But, you know, at this point, I mean, I think -- I think Colin Kaepernick has -- he has gotten -- he's gotten us to start talking about this. And as much as many people don't like the way he delivered the message, the message is there and we're talking about it. We're talking about it tonight. And I think it's working. I think this is going to gain more steam. We're going to see more players doing this and I think it's going to hopefully create change, which is exactly what Colin was looking for.
LEMON: Yes. Go ahead, do you agree?
BREWER: I totally agree. I think, you know, that he should be commended for it because we're having the conversation. It's a tough conversation to have. A lot of people don't want to face the reality.
LEMON: Why do people get so upset by it? Because I understand when people say, you know, it's to honor the people who have fought for us. My dad and my stepfather both fought in war. My sister was in the military. And, frankly, when I hear the national anthem come on, it's tough more me not to tear up every single time I hear. Whether some is singing, especially Whitney, right?
BREWER: Definitely did.
LEMON: It's amazing. And so I have that respect where I want to stand for it, but then if my neighbor or the person standing -- sitting next to me feels different about it, I respect the fact that they're a different person and that's what America is all about. That we all don't have to do the same thing.
BREWER: It is, but the national anthem represents so many different things.
LEMON: Yes, I agree.
BREWER: And it represents the military. And --
LEMON: Nationalism and pride.
BREWER: Nationalism -- exactly. And so we all feel that. And just like you, before I played a game in the National Football League, in college and high school, and I'd hear that national anthem I got the chills --
LEMON: It brings tears to your eyes. Right?
BREWER: Yes, it does. It does. Just because of pride in America.
BREWER: You know, I'm an African American man from Texas. I had to face skinheads and racism all my life. So for me, I understand what Colin Kaepernick is talking about because I get just as mad as he is when I hear about an unarmed black man getting killed by a police officer.
BREWER: It pisses me off, too, but at the same time it's about your messaging. And you've got to have credibility and we don't need to have the lines. You don't have to pick sides in this country.
LEMON: Yes. You said that he lost you with -- we had talked about this, with the police officers. That -- yes. That's not cool because you lose credibility with that.
BREWER: No question.
LEMON: Listen, I think that no one is perfect, and no movement, and especially a social justice movement is perfect. And, you know, I'm sure that maybe he would change, hopefully, that part of the protest.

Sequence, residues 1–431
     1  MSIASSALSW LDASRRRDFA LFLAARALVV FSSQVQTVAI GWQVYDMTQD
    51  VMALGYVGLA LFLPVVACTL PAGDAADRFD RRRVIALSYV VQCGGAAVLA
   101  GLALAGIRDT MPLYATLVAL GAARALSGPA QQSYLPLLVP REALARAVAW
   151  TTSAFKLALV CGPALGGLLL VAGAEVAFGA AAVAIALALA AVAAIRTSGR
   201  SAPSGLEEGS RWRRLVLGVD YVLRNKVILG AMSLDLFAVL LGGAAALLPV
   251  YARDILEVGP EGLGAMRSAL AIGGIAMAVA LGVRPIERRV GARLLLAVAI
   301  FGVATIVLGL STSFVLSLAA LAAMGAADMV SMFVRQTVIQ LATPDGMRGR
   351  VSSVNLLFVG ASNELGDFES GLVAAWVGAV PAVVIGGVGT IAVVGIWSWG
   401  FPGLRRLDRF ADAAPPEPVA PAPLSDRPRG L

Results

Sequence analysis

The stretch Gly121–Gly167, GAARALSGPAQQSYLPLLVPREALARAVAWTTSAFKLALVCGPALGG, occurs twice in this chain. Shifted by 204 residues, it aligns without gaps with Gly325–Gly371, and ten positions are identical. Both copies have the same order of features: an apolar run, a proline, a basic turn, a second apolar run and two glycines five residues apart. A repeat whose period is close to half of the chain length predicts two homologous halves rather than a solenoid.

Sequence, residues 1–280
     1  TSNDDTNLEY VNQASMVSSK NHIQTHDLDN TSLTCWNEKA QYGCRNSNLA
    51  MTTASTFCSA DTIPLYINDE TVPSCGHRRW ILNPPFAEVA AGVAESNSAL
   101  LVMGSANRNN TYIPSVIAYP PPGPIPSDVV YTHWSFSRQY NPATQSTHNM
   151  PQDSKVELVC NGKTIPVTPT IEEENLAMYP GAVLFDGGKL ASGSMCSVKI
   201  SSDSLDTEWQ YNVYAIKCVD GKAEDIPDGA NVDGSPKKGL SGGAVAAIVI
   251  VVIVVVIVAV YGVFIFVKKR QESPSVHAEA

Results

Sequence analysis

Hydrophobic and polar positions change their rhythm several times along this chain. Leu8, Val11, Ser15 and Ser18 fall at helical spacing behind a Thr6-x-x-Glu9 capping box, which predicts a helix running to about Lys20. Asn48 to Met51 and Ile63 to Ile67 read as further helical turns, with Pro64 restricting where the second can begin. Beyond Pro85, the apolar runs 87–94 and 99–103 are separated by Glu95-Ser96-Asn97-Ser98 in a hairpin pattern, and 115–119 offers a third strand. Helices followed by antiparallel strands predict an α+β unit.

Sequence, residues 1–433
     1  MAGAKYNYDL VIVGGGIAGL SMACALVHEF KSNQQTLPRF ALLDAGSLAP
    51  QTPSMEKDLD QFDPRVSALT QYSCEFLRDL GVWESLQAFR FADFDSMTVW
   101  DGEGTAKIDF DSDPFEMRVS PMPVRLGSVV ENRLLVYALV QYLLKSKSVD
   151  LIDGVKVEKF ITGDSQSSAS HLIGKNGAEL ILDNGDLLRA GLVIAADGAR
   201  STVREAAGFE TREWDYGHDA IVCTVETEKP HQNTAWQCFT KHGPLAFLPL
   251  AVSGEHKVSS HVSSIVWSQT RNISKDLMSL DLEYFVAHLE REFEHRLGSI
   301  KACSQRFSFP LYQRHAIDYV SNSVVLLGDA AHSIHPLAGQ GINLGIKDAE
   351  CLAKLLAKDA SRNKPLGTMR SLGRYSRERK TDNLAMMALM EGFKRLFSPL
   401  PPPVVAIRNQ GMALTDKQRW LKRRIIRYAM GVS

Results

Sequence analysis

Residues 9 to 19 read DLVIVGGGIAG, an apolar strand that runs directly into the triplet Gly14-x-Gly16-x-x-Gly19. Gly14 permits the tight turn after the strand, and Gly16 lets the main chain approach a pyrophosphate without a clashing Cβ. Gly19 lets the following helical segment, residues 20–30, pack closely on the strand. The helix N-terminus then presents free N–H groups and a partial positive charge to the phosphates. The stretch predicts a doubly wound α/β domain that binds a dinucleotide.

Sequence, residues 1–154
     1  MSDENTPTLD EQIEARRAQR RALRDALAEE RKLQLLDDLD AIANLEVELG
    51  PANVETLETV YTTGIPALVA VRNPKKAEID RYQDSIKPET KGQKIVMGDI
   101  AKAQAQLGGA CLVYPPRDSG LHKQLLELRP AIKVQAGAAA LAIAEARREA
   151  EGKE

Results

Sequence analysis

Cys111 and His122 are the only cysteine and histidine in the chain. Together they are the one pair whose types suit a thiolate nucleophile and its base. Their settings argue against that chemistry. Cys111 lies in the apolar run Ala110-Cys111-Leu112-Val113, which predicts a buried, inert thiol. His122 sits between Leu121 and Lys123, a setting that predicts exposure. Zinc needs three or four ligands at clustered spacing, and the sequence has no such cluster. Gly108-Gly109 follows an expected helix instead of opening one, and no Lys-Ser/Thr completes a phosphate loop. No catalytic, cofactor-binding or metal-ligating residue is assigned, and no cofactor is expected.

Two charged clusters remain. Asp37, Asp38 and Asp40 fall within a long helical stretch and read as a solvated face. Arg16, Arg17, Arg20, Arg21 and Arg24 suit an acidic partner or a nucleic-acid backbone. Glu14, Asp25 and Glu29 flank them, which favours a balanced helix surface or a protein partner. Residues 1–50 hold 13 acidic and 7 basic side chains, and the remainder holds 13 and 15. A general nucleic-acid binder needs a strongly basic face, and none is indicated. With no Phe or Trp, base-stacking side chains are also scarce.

Hey, Christine, I wanted -- this is from Mark Cuban. Mark Cuban sent this out tonight. Let's see. He says -- Mark Cuban sent this out. He said, "He didn't throw a bomb, fire a shot, start a riot, throw a punch, shut a business, yell at someone, troll anyone. He just sat there quietly. I may not understand his perspective or agree with him, but Colin Kaepernick taught us we can still disagree in this country peacefully. And I know I'll get you know what for it for anything that remotely suggests support of Colin Kaepernick, which makes my point even more."
So what do you think of that, Christine?
BRENNAN: Well, interesting, isn't it? Where the support is coming from. And I'm sure there are many other places other than Mark Cuban's office where people are saying, you know what, let me think about this. I've been saying all along on this that whether you agree or disagree
with the actual act, as we were talking about here of not standing at attention, I was just at the Olympics in Rio. Fortunate enough to be there. Remember all the furry about Debbie Douglas not putting her hand over heart?
LEMON: Yes. Right.
BRENNAN: There was a protest there. She was standing at attention. But the other members of the gymnastic team had her hand over heart. Those people on social media, how ridiculous is that that they were, you know, criticizing her for that. But the point is, all of this, of course, will get people's attention. We're passionate. People care. But whether you agree or disagree with what some of these football players are doing, and right now it's a very small percentage, but as I -- we all agree it's going to get, I think we'll see more in other sports as well.
[23:55:07] Again, it's one of the fabulous things about our nation. That of course we defend the right for Colin Kaepernick and others to do this. And that's just -- that just speaks volumes about everything that the United States is and hopefully will remain. And I think that to me is a very simple way to look at it.
LEMON: And that -- you know, what I just said this coming from Mark Cuban who is a team owner who feels that way about it. But listen, I think maybe from this point instead of discussing the initial shock or surprise of it, right? That aspect of it, we'll start to discuss the issues that they deem are important, that Colin Kaepernick and others are fighting for. Kaepernick and others are fighting for.
Thank you. Great conversation.
LEMON: All right. We'll be right back.
LEMON: So glad you could watch us tonight. Thank you so much. We will see you right back here tomorrow night at 10:00 p.m. Eastern.
"AC 360" starts in a moment.